After 15 years in the tech industry, I’ve learned many things the hard way.
There are plenty of things I wish I knew when I started working in tech 15 years ago. Jumping into any new role or working in a new industry that you’re not always familiar with can feel overwhelming and even intimidating.
Throughout my career, first with PayPal, then eBay, and now Facebook, I’ve learned many things the hard way that helped get me to where I am today. I’m sharing these lessons with the hope that they may help you in your career.
One of the things I struggle with the most is mentoring people who lack self confidence who I know are stronger than they think. Nothing I say seems to change how they feel about themselves because they can’t see what others see in them. Reach for the assignment and believe that you will learn how to do it. You are not asked to take on assignments so you will fail; people offer them because they see your potential.
I’ve received a lot of tough feedback during my career. My immediate reaction is to discard anything that would not have been said to a man in the same position. For years, I was told I was not warm or approachable. I realized I had two choices — ignore or adapt. I learned to adapt because this perception was holding me back. Pretending it didn’t matter changed nothing.
A lot of time when we receive feedback, we react by making a change, but all of those changes together could end up taking away what makes you uniquely you. Choose who you want to be and what you want to be known for, and remember that these choices may change over time depending on your position.
Some fake it better than others. I mentored a leader on my team who was struggling in her new, expanded role. Her lack of confidence showed in how she spoke and led. I pulled her aside and asked what was wrong. She said that she was used to being the expert, and she felt out of her depth taking on managing a new team. I told her that I felt like I had no idea what I was doing every single day. She was really surprised and felt reassured that she was not alone. We all feel this. Those who learn to manage it come out ahead.
Free yourself. Guilt and worry are burdens that women needlessly carry, and I decided to set these non-productive feelings aside. These twin emotions often result in negative thoughts about what could have been or what you should have done. Rather than regretting, I choose what to do differently next time.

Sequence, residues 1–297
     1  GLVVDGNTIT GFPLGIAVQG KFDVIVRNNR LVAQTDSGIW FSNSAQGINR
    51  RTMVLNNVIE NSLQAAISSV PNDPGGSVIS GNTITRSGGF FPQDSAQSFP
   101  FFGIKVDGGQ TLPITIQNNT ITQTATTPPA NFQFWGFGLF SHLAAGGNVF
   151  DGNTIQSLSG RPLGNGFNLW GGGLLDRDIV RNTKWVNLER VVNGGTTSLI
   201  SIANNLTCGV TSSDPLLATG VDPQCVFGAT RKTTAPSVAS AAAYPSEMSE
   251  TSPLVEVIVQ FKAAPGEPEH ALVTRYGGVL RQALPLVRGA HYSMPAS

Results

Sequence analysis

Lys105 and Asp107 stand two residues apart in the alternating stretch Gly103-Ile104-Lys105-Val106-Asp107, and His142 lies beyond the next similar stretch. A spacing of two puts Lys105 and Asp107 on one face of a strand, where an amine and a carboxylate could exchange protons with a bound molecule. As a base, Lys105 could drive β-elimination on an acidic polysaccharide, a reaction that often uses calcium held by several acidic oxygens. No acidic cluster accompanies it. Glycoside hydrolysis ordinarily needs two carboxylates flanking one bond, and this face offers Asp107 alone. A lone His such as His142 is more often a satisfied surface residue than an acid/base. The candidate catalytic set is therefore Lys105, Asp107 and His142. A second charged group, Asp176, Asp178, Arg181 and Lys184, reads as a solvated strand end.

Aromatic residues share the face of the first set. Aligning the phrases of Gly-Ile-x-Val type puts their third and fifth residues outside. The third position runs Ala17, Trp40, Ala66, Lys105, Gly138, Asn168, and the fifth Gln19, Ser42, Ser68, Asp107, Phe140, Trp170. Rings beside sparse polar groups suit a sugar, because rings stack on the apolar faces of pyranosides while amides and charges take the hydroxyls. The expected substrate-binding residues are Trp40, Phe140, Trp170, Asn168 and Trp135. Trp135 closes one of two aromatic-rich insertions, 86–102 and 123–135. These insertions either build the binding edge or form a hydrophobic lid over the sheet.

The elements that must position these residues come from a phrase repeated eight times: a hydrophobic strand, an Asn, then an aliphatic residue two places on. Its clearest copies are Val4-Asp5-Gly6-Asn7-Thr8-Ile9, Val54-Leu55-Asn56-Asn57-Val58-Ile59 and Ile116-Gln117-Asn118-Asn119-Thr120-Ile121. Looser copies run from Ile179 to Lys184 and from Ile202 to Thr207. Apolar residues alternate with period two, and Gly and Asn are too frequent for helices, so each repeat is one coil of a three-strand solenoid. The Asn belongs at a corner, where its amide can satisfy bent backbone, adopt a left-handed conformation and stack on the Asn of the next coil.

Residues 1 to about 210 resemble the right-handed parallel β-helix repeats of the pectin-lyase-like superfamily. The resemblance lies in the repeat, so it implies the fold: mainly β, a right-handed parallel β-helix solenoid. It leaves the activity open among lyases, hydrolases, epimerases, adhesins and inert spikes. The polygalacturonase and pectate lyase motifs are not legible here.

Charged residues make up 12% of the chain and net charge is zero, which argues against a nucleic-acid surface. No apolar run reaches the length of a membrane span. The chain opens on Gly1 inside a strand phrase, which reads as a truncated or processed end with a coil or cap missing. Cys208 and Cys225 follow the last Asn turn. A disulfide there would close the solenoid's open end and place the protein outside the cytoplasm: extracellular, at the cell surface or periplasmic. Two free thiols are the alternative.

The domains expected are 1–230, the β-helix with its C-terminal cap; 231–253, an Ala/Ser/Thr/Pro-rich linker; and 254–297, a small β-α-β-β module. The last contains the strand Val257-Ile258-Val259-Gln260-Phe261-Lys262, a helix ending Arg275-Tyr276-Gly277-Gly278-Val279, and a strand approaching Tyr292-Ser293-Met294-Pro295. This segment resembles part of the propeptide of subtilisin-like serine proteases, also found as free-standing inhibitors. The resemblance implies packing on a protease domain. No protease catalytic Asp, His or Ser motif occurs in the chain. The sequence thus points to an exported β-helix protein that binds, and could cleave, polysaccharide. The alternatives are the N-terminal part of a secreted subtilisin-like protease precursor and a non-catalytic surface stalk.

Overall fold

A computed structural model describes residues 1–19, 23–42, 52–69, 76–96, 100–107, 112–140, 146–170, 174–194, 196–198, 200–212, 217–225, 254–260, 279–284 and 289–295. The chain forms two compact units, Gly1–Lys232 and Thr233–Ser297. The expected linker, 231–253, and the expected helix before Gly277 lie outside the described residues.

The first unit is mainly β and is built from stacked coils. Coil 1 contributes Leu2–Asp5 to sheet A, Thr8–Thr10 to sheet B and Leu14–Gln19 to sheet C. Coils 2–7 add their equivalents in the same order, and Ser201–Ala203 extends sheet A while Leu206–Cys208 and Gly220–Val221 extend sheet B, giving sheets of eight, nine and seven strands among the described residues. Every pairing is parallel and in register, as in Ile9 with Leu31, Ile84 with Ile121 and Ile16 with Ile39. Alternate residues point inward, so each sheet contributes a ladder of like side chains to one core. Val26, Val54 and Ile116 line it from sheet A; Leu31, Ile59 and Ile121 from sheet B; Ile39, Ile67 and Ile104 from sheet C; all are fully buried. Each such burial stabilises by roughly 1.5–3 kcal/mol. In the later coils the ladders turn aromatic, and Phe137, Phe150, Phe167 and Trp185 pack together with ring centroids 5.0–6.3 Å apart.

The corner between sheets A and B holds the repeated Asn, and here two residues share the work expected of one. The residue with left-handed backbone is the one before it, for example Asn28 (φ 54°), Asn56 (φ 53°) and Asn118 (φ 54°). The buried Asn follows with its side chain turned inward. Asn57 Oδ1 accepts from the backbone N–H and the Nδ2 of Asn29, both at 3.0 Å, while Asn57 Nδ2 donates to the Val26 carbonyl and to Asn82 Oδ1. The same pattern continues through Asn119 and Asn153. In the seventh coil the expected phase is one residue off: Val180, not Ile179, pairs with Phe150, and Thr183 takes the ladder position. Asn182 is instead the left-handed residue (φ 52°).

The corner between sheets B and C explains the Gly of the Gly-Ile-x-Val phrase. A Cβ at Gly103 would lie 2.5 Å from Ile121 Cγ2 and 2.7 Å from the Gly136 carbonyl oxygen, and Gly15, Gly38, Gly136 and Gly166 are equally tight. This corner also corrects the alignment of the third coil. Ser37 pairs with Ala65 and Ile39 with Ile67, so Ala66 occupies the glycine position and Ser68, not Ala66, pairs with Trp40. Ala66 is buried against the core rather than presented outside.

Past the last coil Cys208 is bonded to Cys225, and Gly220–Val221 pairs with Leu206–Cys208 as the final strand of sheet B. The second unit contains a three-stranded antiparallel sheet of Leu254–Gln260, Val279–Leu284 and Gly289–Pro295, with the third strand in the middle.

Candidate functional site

Many times women leaders worry about being liked, which makes it harder for them to have impact. I have done this many times; I see something that’s wrong, but I’m afraid to speak up because I don’t want to be labelled as non-collaborative or unsupportive. By seeking to be liked and avoiding confrontation, I was holding back what I truly thought. While I still struggle with how people see me, I realized it’s more important to seek alignment and understanding.
I’m a mom of three; I had a baby at each of the tech companies where I’ve worked, so my coworkers have seen me sleep deprived and struggling to navigate life with newborns. I decided early on that there was no use hiding this, even knowing how significant maternal bias is. Data shows that across industries mothers face more disadvantages than non-mothers when going after a job. In fact, even signs of motherhood, such as listing PTA membership on a resume, make it 79 percent less likely to be hired and, even if hired, offered $11,000 less in salary.
I have personally recruited many moms to Facebook. I consciously choose to share openly about my family in order to illustrate that us moms are no less committed to work than women who don’t have children. It’s important to become a role model for the stereotypes we want to change.
Studies show that women leave tech at twice the rate of men. Considering only 20 percent of engineering and computer science degrees go to women, the share of women leaders in tech declines the further you get in your career. Many women feel the pressure of work and home are too overwhelming without support.
A decade ago, about a year after my son was born, I gave my resignation to a VP I worked with and told him I was leaving the field. My career felt stuck, and the stress of being a new mom made it hard to contemplate continuing. A sponsor of mine reached out to me, and I ended up taking a role on her team where I could continue to work part-time and be challenged. I know what it’s like to live on that precipice of not being sure if this is all worth it, and I assure you that with time, distance and support, it is.
I spent 20 minutes with a woman on my team as she circled the topic she wanted to address. She recounted her history and aspirations. I waited for what the question was. Finally, I asked, “Are you asking me if I’m going to promote you?” She said yes, but she was afraid I would say no. I suggested that she instead say, “What do you see as the gaps between where I am now and the next level? What would it take for me to get there?”
So often we are afraid to ask the direct question because we worry about being judged. But, not asking means we pass up an opportunity to get feedback and progress.
Laszlo Bock, formerly head of Google people operations, studied high-performing teams at Google; he told Freakonomics Radio that “the most important attribute of a high-performing team is not who leads it or who’s on it or how many people or where it is. It’s psychological safety.” Finding a team and company where you feel you can make mistakes and take risks is critical to your success.
When I joined Facebook, a handful of former PayPal colleagues joined around the same time. That support helped me take a leap even though I was feeling overwhelmed as a new mom. Based on that experience, I work to cultivate that feeling of safety and support within my own teams.
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